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Scientists Recover Oldest Virus Genome of HBV

For the study, appearing in the journal eLife, the team analysed samples from the teeth of 53 skeletons excavated from Neolithic and medieval sites in Germany.

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Scientists have recovered oldest viral genomes of hepatitis B virus (HBV) and found that the deadly virus has been circulating in Europe for at least 7,000 years.
Virus, Representative Image- Pixabay
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Scientists have recovered oldest viral genomes of hepatitis B virus (HBV) and found that the deadly virus has been circulating in Europe for at least 7,000 years.

HBV — one of the most widespread human pathogens — is responsible for the contagious liver disease. Today, it infects approximately 350 million people worldwide and kills more than 600,000 people a year.

However, its origin and evolutionary history remain unclear.

In the study, the researchers not only recovered ancient viral DNA from skeletons but also reconstructed the genomes of three strains of HBV.

While the ancient virus is similar to its modern counterparts, the strains represent a distinct lineage that has likely gone extinct.

It is also more closely related to chimpanzee and gorilla viruses, the findings showed.

“Our results demonstrate that HBV already existed in Europeans 7,000 years ago and that its genomic structure closely resembled that of modern hepatitis B viruses, despite the differences observed,” said lead author Ben Krause-Kyora, from the Max Planck Institute for the Science of Human History and Kiel University.

“More ancient precursors, intermediates and modern strains of both human and non-human primate HBV strains need to be sequenced to disentangle the complex evolution of this virus,” he added.

Scientists have recovered oldest viral genomes of hepatitis B virus (HBV) and found that the deadly virus has been circulating in Europe for at least 7,000 years.
Scientist recover oldest viral genomes of HBV, Pixabay

For the study, appearing in the journal eLife, the team analysed samples from the teeth of 53 skeletons excavated from Neolithic and medieval sites in Germany.

The remains dated from around 5000 BC to 1200 AD. The researchers screened all samples for viral pathogens and detected ancient HBV in three of the individuals.

Full HBV genomes were recovered from these samples, two of which were from the Neolithic period, dating to about 7,000 and 5,000 years ago, and one from the medieval period. The Neolithic genomes represent the by far oldest virus genomes reconstructed to date.

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Interestingly, the ancient virus genomes appear to represent distinct lineages that have no close relatives today and possibly went extinct.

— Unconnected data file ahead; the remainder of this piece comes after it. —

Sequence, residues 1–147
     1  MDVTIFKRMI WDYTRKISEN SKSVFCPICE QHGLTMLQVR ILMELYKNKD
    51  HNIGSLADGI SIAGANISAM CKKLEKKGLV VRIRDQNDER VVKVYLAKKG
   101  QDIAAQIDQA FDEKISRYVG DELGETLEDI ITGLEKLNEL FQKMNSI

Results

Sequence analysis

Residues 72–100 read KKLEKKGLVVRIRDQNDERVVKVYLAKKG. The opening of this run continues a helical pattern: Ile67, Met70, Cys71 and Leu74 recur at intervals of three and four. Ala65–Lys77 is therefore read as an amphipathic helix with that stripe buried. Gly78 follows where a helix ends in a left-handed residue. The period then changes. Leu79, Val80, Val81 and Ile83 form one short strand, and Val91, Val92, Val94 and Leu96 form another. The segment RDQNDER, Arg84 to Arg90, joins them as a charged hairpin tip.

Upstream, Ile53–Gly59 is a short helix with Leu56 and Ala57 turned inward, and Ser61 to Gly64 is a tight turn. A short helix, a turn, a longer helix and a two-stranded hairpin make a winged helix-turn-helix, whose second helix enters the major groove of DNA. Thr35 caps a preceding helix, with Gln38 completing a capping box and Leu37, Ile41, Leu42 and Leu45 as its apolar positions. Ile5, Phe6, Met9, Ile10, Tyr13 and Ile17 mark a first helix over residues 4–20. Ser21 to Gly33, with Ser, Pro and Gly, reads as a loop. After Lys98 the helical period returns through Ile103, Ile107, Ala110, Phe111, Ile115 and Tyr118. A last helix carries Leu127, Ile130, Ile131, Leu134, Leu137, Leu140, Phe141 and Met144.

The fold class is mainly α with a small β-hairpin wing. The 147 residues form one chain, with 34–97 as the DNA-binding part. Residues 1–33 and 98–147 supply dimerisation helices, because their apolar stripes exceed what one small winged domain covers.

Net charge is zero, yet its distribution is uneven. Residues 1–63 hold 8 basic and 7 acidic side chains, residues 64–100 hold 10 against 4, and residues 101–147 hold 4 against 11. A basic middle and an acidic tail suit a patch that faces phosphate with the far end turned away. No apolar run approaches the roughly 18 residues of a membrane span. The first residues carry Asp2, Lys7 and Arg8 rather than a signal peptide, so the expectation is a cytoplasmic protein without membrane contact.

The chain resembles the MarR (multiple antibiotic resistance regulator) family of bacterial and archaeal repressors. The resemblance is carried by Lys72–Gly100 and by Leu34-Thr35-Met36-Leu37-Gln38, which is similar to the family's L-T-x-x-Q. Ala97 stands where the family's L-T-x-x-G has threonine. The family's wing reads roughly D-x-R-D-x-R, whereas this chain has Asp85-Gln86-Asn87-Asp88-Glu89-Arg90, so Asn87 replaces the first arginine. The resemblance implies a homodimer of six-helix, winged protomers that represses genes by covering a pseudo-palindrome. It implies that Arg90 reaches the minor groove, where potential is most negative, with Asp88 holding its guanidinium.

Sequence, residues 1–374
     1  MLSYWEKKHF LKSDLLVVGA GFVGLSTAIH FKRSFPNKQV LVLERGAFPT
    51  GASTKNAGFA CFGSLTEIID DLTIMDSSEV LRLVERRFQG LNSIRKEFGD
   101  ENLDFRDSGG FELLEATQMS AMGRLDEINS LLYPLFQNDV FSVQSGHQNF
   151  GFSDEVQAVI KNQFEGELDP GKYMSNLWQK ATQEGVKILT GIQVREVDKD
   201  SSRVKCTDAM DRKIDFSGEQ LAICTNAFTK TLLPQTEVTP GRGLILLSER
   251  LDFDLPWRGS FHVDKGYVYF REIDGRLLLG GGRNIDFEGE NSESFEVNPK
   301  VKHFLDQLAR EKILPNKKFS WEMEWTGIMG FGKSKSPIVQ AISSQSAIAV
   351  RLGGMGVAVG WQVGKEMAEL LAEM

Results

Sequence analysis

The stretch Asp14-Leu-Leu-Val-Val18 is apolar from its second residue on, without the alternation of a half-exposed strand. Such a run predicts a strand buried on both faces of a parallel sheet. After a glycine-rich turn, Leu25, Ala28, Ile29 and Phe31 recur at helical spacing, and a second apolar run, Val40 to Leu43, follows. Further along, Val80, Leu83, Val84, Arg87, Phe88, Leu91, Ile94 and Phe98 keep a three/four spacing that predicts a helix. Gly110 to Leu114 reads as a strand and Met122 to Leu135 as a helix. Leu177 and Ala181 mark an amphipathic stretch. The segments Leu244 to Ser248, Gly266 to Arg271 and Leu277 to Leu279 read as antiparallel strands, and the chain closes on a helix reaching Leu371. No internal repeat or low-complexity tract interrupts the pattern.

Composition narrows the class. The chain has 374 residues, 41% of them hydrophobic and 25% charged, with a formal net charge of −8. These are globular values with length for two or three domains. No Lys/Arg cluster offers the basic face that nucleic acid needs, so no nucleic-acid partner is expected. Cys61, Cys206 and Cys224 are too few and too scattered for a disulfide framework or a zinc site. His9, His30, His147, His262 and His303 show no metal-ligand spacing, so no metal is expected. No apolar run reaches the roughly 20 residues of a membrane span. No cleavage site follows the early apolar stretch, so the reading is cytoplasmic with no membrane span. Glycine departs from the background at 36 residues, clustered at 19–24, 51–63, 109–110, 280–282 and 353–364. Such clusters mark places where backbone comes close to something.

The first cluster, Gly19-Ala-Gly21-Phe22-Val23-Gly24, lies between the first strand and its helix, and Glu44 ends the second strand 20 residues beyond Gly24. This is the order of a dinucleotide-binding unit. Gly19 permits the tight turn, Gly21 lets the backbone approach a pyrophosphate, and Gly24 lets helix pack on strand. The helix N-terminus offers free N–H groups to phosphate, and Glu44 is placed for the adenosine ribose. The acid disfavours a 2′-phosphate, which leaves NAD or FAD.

The two Neolithic genomes, although recovered from individuals that lived 2,000 years apart, were relatively similar to each other in comparison with modern strains, and were in fact more closely related to modern strains of HBV found in Chimpanzees and Gorillas.

In contrast, the medieval HBV genome is more similar to modern strains, but still represents a separate lineage, the researchers said. (IANS)

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European Countries Are Hot Destinations Among Indian Travelers

With travel bug catching up in India, European countries are a preferred destination for Indians this summer, according to a survey.

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Travel myths
Some travel myths need to be debunked. Pixabay.

With travel bug catching up in India, European countries are a preferred destination for Indians this summer, according to a survey.

Searches were conducted by travel search engine KAYAK.co.in between October 1, 2017 to March 23, 2018 for travel dates between May 5, 2017 and August 31, 2018.

Travel without visa
Representational image Pixabay

As per the search, Moscow and Istanbul are taking the lead with year-on-year increase in flight searches by 269 and 252 per cent respectively.

Other trendy destinations this summer show that Indians are interested in travelling not only to the well-known European destinations like Spain, Germany and Greece but also to some less conventional ones like Norway, Hungary and even Iceland.

 

Solo Female Travel Destinations
Copenhagen. Travel destinations where women can go for solo trips. Pixabay

Europeans on the other hand are travelling to Palma Mallorca in Spain the most, followed by London and Lisbon.

Considering the budget, several European locales are emerging as good options for travel from India without burning a big hole in the pocket.

Istanbul, which is also the second top-trending destination, is seeing a price drop as high as 95 per cent compared to the average trip cost.

This is followed by Milan, Italy, with a 37 per cent drop in the average trip cost. With warm weather in Europe, this represents a good opportunity to travel to these European destinations for a summer adventure at a reduced price.

Also Read: Interesting Thailand Facts That’ll Make You Want to Travel Immediately

Abhijit Mishra, Director of India and Middle East, KAYAK, said in a statement: “With the summer holiday period quickly approaching, travel planning is on the rise and it was interesting to see how European countries have emerged as the preferred destination for Indians this year.” (IANS)

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